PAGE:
“There were hundreds of thousands of Polish women who marched across the world this Monday. And all of this because the Catholic Church is still allowed in our political system in Poland! Trying to rule not just in the Church, but also in Polish politics, and in women's bodies. As if the situation wasn't bad enough before, with some doctors signing a 'clause of conscience' to say they won't perform any abortions because they were Catholic. Now, they're trying to write that rule into our law.”

She added: “Alongside that, they are trying to push out sex education, emergency contraception, prenatal care, and investigate women who have had miscarriages. It is a war on women, and we are fighting back!” 

“The outcome of all the demonstrations so far is that we already see some response from the politicians in our country,” she explained. As Polish Feminists have pointed out, Poland’s ruling party has distanced themselves from the “Stop Aborcji bill”

“I want to say it very loudly and clearly: the government of Law and Justice was not working and is not working on any law that would change the currently binding regulations,” Beata Szydlo, Poland’s prime minister, said at a press conference today in response to the protests.

The prime minister has additionally said that she wants to see “calmer emotions” surrounding the proposed law change right now.

“We will also be watching closely the debate in the EU Parliament tomorrow, with the hope that the EU will be able and willing to put more pressure on the government to strap this bill,” Polish Feminists’ spokesperson continued. “And in fact, to introduce a law on abortion, sex education and contraception that is in line with international human rights conventions.”

Rebellion spread throughout the country. Julia Kwiatkowska, an activist who organised a similar protest in central-north Polish town Grudziądz, told Dazed through the #CzarnyPoniedziałek group: “I asked on local Facebook group if there are plans to organize local edition of #BlackMonday in our community and it turned out that it’s not gonna happen. I decided to organise the protest for women in my city to protest against the proposed abortion bill. I personally contacted local authorities, prepared all paper work and made everything work out.”

“I promoted the event online and directly by flyers, and then local media joined in – papers, radio, TV. We met on the main city square sharply at noon. 500 people showed up, which is amazing, given my lack of experience. It feels amazing to make such an impact. We all shouted, talked to each other and many women joined in and delivered touching speeches.”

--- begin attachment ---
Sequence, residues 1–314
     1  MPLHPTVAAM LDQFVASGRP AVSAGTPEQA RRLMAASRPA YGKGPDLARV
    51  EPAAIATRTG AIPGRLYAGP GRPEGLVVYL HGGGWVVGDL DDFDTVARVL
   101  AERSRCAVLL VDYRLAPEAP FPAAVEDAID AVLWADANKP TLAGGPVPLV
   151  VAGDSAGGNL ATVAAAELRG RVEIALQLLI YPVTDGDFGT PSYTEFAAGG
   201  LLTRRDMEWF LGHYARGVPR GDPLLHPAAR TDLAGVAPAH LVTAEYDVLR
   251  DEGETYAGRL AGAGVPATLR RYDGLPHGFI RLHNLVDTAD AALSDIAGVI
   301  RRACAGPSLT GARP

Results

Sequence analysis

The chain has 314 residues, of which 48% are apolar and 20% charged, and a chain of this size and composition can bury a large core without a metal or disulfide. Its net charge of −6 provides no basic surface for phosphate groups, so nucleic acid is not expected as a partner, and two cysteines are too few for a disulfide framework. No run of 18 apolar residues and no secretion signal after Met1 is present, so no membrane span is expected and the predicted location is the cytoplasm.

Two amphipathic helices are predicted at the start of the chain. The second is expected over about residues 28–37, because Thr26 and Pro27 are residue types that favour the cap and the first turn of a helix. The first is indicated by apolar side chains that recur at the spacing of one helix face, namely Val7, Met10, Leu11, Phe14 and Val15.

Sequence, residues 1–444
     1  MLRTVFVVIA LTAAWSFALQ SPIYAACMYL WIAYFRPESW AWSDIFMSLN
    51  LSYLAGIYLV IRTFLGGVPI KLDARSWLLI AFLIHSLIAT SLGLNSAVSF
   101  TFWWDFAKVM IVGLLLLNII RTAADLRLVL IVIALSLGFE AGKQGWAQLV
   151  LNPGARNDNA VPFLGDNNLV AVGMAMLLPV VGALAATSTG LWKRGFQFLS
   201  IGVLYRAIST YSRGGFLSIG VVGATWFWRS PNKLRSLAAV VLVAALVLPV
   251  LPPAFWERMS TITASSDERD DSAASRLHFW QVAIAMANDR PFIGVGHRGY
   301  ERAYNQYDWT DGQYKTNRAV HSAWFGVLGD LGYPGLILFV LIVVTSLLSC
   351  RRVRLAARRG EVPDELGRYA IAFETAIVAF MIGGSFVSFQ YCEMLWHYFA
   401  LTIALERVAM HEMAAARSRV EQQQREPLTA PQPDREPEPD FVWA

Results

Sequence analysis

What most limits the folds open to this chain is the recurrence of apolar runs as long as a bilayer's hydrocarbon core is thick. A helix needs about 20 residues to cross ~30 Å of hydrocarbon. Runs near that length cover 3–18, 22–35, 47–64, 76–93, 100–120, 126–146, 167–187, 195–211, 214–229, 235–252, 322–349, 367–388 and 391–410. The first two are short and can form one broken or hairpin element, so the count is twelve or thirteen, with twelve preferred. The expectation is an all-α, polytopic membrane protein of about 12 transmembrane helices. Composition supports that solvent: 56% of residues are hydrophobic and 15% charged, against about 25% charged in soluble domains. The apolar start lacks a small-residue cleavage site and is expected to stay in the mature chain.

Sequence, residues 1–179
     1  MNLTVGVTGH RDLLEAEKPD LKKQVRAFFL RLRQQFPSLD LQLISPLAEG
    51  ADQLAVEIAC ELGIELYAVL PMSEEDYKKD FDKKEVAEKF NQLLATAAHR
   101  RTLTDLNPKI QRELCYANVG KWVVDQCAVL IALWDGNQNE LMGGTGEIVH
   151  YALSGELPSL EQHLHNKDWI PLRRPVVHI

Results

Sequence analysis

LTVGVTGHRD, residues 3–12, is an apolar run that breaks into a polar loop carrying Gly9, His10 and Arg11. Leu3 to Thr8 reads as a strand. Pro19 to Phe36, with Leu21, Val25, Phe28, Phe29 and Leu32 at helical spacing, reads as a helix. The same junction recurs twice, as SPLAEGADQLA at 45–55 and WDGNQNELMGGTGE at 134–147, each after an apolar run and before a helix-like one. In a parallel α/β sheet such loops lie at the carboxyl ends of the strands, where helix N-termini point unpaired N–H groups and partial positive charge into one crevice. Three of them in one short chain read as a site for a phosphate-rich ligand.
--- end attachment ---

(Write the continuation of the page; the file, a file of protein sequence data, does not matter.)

She added: “We also decided to prepare a petition for local MP who voted for the new law, more than 500 people signed and we passed them to her office.”

The European Parliament plans to hold a debate on women’s rights in Poland this week.

Estimates from Polish officials state that there are more illegal abortions than legal ones in Poland – between 10,000 and 150,000, compared to about 1,000 or 2,000 legal terminations, according to BBC News. And abortion has, across the world, actually decreased. Statistics from the Guttmacher Institute have shown that in Europe, the rate went down from 52 abortions per 1,000 women aged 15-44 annually in 1990-1994 to 30, two decades later.

“Abortions are still happening, but many of them are unsafe because they have to be clandestine,” Suzanne Petroni, senior director of global health, youth and development at the International Centre for Research on Women, told Bloomberg. “What Poland is trying to do with this new law goes against the global trend toward legalisation and liberalisation of access to abortion.”

Natalia Pancewicz, a member of the Nationwide Womens’ Strike Initiative, also told Dazed: “We never expected such reaction for Marta Lempart’s words calling for a strike, but deep down we felt that an amazing thing can happen. Women from 103 cities and towns in Poland and several dozens of international locations joined in. We still have not managed to count all of the participants – at the moment we know about 150,000 protesters.” 

“We consider the strike a huge success, because we managed to show that our voices matter. During the protest there were no divisions – both women who are supporting full liberalisation of the bill and women who just are afraid for their health.” 

She added: “What next? Most of all we will keep on protesting against the proposed law. If the parliament will not cease we will hit the streets again.”